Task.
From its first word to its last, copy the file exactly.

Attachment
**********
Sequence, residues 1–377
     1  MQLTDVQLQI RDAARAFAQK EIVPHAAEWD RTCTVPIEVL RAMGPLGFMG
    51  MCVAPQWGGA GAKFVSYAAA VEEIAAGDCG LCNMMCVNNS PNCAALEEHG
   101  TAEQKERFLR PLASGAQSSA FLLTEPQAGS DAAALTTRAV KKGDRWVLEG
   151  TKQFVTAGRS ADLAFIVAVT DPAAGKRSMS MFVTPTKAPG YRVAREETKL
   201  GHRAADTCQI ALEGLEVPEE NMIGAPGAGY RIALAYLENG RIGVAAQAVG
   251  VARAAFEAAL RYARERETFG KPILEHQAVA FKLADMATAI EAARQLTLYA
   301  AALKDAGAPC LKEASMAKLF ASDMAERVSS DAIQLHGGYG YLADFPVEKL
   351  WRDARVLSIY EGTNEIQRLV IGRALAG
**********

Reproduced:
Sequence, residues 1–377
     1  MQLTDVQLQI RDAARAFAQK EIVPHAAEWD RTCTVPIEVL RAMGPLGFMG
    51  MCVAPQWGGA GAKFVSYAAA VEEIAAGDCG LCNMMCVNNS PNCAALEEHG
   101  TAEQKERFLR PLASGAQSSA FLLTEPQAGS DAAALTTRAV KKGDRWVLEG
   151  TKQFVTAGRS ADLAFIVAVT DPAAGKRSMS MFVTPTKAPG YRVAREETKL
   201  GHRAADTCQI ALEGLEVPEE NMIGAPGAGY RIALAYLENG RIGVAAQAVG
   251  VARAAFEAAL RYARERETFG KPILEHQAVA FKLADMATAI EAARQLTLYA
   301  AALKDAGAPC LKEASMAKLF ASDMAERVSS DAIQLHGGYG YLADFPVEKL
   351  WRDARVLSIY EGTNEIQRLV IGRALAG